bit more difficult for me to stay out of. I’ll often have characters voice
political opinions in a snide off-handed way. I see evidence all over that they
were not without opinion. I’ve always rooted for the lower class to rail
against the powers that be.
Writing is an isolated activity. Living in Maine, are you
able to be a part of a writing community?
I’m fortunate to have a few writer friends with
whom I can commiserate. I also check in with a couple of online groups, but I’m
doing less of that now. Because I live in the country and run a farm, there are
more opportunities for me to socialize with neighbors and other farmers.
Authors are self-centered and competitive by
nature and that includes me. It’s a constant battle to stay relevant, and being
an author breeds insecurity.Almost
everyday I think what a conceited thing to do, write a book. Then I talk myself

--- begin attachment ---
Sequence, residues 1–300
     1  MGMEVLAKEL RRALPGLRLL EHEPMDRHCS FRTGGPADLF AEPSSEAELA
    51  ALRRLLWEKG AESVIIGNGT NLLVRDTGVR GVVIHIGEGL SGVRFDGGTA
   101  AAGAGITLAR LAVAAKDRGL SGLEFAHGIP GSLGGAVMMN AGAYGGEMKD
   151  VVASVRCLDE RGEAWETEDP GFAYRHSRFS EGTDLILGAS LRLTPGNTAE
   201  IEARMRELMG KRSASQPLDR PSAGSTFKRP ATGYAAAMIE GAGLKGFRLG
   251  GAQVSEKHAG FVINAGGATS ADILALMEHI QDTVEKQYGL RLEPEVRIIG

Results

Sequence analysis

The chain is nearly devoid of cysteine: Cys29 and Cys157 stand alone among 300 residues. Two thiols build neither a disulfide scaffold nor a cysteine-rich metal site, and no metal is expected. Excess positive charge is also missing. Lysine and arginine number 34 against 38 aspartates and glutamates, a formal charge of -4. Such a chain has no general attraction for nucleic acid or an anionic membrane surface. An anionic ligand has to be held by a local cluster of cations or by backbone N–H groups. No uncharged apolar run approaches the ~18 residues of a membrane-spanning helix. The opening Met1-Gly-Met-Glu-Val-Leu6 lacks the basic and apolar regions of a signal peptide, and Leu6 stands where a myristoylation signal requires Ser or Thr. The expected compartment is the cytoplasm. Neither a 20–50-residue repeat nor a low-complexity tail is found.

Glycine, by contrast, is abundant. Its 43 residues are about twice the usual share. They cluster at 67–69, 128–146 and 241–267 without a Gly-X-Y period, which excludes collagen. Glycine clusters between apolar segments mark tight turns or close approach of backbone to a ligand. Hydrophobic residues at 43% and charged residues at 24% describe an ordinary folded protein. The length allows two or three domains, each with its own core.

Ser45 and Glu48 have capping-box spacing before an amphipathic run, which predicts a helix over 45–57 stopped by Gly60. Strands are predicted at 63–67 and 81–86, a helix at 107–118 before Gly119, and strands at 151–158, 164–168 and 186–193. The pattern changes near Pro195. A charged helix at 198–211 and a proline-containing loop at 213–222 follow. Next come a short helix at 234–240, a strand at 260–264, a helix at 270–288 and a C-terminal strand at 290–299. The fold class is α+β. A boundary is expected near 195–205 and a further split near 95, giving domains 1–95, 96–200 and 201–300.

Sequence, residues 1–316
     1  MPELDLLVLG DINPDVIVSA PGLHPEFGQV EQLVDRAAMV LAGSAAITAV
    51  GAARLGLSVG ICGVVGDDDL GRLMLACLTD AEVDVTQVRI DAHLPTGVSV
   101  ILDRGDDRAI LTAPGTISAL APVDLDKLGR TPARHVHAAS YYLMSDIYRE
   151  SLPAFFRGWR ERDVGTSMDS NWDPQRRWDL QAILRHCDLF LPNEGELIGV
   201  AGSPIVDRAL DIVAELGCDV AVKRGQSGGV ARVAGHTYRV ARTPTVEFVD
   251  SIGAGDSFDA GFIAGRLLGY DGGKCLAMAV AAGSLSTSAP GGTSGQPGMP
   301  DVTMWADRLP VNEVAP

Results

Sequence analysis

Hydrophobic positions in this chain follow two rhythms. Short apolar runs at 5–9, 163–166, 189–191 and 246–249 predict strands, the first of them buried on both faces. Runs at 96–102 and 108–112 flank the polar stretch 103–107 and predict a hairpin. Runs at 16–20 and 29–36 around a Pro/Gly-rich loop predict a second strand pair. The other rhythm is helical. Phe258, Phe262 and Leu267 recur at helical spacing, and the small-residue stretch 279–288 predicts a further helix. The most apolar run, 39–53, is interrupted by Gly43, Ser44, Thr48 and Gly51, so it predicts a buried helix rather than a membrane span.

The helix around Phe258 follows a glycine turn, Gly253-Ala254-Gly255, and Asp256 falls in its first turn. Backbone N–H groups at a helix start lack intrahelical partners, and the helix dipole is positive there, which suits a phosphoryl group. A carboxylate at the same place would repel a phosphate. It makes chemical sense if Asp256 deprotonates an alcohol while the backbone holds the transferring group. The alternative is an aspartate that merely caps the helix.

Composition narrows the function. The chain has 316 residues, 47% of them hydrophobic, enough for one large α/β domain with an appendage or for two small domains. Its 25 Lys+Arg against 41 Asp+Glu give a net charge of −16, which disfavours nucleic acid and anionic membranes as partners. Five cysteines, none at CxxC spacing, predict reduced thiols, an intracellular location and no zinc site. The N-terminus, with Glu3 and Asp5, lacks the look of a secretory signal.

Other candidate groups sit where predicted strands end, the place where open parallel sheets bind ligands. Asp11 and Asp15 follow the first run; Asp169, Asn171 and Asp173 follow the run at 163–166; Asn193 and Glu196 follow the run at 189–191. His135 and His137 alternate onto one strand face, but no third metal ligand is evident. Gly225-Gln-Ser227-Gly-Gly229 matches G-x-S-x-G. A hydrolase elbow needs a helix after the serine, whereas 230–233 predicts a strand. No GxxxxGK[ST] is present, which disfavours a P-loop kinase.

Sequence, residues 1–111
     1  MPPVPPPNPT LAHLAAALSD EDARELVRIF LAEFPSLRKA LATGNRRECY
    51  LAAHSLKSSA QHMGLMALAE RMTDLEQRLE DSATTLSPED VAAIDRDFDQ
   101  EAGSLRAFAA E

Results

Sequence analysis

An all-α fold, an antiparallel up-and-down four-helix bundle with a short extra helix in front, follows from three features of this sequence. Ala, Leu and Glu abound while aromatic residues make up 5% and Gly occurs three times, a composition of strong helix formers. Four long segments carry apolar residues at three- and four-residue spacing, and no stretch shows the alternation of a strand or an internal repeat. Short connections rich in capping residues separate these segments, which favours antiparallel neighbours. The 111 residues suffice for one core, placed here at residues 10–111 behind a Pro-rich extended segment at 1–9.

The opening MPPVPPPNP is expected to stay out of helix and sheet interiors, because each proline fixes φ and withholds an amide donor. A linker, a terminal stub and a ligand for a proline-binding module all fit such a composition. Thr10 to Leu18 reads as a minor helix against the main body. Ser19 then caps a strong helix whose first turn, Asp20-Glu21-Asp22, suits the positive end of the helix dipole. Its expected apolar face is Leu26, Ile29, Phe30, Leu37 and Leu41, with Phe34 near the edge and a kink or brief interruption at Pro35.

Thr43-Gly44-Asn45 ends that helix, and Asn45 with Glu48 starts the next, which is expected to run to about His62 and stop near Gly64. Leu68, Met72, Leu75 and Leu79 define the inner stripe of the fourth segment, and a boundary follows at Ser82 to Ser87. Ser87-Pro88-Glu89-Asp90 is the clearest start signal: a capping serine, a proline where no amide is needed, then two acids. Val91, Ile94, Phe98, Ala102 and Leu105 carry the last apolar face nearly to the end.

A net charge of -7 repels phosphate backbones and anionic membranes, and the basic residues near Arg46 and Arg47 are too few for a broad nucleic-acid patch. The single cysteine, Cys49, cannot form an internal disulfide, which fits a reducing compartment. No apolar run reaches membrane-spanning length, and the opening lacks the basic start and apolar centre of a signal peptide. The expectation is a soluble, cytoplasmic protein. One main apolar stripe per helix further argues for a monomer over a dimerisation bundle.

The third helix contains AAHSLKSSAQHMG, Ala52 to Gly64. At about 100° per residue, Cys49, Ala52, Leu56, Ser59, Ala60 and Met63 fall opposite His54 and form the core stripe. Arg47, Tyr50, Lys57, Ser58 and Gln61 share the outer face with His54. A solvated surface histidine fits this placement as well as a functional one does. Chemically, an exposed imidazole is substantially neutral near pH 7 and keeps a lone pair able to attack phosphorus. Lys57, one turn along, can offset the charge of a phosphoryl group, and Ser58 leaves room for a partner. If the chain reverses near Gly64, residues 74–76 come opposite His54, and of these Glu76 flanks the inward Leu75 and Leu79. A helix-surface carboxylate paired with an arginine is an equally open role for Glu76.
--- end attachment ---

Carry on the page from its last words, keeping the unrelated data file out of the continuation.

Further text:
back from the ledge. Writing is a creative art and it does have value. I can’t
change the world, but if I can help people escape, if I can help stretch their
imagination—because it is a mind exercise when one reads—and if I can
offer a different perspective, or give a reader joy, then that is worthwhile.
What writers have influenced your writing the most?
Jeanette Winterson’s work inspired me to try my
hand at writing.I love writers who use humor and
who have the ability to tell a story from a different perspective. Patricia
Finney, David Liss, Wesley Stace, and Hilary Mantel top my list of influencers.
Tell us about your road to publication. Was it a smooth or
bumpy ride? What do you know now that you wish you had learned earlier in your
It was a war of attrition. I started writing in
my early thirties. Mostly it was a way to escape what I felt was a dead-end
life. After five years I submitted a coming of age version of The
Alchemist’s Daughter, and it was good enough to land me an
agent. But years went by and it never sold. I rewrote it more times than I ever
kept track of. I also worked on other manuscripts and improved my writing
skills. I stayed with my agent for 15 years, too terrified to change for fear
I’d never find another.
In 2010 a different manuscript made the finals of